The soul goes to Tore (Arebati, Baatsi, Epilipili, Muri-Muri), the supreme being, in the sky, taken from the mouth of the dead man and wafted into the heavens by flies or by lightning.
Long ago, at the beginning, the earth was up where heaven is now, and heaven was down here. Because the Efe were hungry, they appealed to Tore. Then the earth with all its food supplies fell down below to the position it is now, and heaven went up in its place. The soul goes up there: all souls are gathered together there.
Muri-Muri is the great spirit to whom the souls of all dead humans go. He frequently wanders in the depths of the forest, and he always kills anyone who encounters him. Muri-Muri's cry can be heard at night, a harbinger of woe or a hunt that will the following day be a successful one for hunters.
In the beginning, all humans were evil and committed all sorts of crimes; as punishment, Muri-Muri threatened them with death. He laid down a code of instructions as to what they should and should not do.
In the beginning, men did not die at all. In those early days, Muri-Muri gave a pot to a toad, ordering him to be careful not to break the pot, as death was shut up in it. If the pot got broken, he pointed out, all men were doomed to die. The toad went on his way, and he met a frog, who offered to carry the pot for him. The toad hesitated at first, but as the pot was very heavy, he eventually handed it over to the frog, warning him to be very careful with it. The frog hopped away with the pot, but let it fall. It broke into fragments, and death escaped from it. And that is how men first came to die.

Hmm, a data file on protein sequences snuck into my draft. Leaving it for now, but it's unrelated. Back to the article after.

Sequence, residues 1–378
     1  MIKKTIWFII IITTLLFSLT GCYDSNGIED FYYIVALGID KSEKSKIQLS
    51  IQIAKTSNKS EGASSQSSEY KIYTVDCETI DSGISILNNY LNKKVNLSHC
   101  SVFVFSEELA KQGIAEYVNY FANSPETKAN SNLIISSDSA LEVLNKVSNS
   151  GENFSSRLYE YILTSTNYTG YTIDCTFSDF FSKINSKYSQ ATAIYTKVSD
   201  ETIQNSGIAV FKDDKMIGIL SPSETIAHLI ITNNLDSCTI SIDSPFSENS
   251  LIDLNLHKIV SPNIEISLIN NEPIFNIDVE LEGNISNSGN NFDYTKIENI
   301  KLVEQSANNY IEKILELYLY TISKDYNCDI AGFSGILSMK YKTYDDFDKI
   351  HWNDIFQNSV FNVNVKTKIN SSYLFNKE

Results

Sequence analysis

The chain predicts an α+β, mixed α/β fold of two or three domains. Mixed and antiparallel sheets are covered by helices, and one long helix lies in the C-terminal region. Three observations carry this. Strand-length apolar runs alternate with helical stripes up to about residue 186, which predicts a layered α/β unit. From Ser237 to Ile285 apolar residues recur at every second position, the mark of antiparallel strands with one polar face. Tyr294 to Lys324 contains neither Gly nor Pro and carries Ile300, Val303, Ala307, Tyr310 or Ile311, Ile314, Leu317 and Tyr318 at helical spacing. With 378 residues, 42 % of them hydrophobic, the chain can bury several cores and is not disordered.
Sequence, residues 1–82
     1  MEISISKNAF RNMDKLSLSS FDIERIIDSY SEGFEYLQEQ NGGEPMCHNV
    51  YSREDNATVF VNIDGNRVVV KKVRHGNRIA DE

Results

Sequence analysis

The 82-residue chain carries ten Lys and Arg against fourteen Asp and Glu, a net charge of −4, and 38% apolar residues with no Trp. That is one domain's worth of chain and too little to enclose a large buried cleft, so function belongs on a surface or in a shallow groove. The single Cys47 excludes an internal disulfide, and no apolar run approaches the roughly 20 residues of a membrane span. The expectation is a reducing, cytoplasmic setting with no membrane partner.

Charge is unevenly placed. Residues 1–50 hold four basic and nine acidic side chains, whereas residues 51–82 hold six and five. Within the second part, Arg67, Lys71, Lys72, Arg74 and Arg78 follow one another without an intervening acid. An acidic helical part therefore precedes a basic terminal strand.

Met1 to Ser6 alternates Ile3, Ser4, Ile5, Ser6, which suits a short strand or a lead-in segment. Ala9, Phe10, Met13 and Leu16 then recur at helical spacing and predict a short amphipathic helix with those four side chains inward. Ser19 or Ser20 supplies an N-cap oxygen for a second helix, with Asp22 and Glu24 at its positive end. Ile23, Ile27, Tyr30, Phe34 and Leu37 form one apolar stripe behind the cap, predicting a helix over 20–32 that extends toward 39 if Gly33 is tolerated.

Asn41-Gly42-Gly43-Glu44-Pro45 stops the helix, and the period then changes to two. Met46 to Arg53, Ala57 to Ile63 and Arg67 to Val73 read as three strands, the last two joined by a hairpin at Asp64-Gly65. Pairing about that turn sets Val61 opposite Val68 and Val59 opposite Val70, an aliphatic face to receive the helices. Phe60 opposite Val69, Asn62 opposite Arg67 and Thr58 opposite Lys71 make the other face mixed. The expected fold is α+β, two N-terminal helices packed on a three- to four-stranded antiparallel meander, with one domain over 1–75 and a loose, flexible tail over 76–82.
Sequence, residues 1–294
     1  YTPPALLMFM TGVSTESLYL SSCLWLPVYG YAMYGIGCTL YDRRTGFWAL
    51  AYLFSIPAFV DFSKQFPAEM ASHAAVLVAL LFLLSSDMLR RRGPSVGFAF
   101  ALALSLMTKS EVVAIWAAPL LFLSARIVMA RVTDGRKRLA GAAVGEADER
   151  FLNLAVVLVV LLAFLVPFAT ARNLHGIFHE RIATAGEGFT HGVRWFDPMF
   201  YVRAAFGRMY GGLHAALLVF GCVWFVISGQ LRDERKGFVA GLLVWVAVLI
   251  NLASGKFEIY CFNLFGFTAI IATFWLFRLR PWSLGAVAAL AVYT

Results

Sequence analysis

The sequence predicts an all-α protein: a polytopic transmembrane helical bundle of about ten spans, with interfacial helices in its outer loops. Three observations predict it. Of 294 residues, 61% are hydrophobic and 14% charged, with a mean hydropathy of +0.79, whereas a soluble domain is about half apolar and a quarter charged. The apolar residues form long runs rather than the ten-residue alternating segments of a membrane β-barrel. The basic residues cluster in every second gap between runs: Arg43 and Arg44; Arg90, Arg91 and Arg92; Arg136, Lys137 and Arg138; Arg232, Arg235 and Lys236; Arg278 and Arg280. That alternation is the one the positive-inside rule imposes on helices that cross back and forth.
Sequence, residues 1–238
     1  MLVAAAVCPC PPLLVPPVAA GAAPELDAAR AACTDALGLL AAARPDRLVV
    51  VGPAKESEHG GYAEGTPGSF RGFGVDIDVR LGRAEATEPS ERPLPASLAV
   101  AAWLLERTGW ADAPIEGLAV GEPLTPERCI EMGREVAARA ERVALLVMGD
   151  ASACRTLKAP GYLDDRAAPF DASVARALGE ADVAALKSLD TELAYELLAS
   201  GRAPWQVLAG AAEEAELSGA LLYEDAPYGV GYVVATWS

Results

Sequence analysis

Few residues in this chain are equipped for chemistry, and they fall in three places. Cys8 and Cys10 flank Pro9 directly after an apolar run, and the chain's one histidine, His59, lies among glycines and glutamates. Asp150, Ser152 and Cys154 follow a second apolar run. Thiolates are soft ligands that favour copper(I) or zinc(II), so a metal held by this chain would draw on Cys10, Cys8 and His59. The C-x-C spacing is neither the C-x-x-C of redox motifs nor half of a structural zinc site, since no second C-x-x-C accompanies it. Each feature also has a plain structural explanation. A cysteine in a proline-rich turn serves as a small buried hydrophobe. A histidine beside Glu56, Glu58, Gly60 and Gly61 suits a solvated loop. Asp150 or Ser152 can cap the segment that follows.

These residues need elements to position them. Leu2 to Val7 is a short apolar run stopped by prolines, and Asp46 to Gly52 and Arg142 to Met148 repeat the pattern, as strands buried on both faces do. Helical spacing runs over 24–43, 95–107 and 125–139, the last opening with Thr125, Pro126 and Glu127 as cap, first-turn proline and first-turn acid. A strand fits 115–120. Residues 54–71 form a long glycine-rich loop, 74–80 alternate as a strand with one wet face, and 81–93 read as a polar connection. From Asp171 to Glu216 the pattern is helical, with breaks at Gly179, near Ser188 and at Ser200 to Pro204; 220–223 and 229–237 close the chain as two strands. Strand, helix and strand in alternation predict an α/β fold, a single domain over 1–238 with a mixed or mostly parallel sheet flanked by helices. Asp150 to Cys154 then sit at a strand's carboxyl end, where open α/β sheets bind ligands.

In the beginning, the earth was above and the heaven— that is, the throne of God—was below. Together with God were the moon and the lightning, two natural phenomena that play important roles in the mythology of the Efe. From above, dust and dirt drizzled down interminably and contaminated the food of God until he became weary of it and looked around for another dwelling place. He commanded the lightning to find a place above the earth, and with a great crash the lightning divided the earth and traveled upward. When a place in the heavens was prepared, God and the moon followed. The moon, however, is not greater or mightier than God. On the contrary, it comes under the godhead from whom it receives commands. When God looks toward the moon, it comes out of its dwelling place and shows itself to the world. See also: Arebati, Baatsi, Epilipili, Masupa, Tore (Mbuti).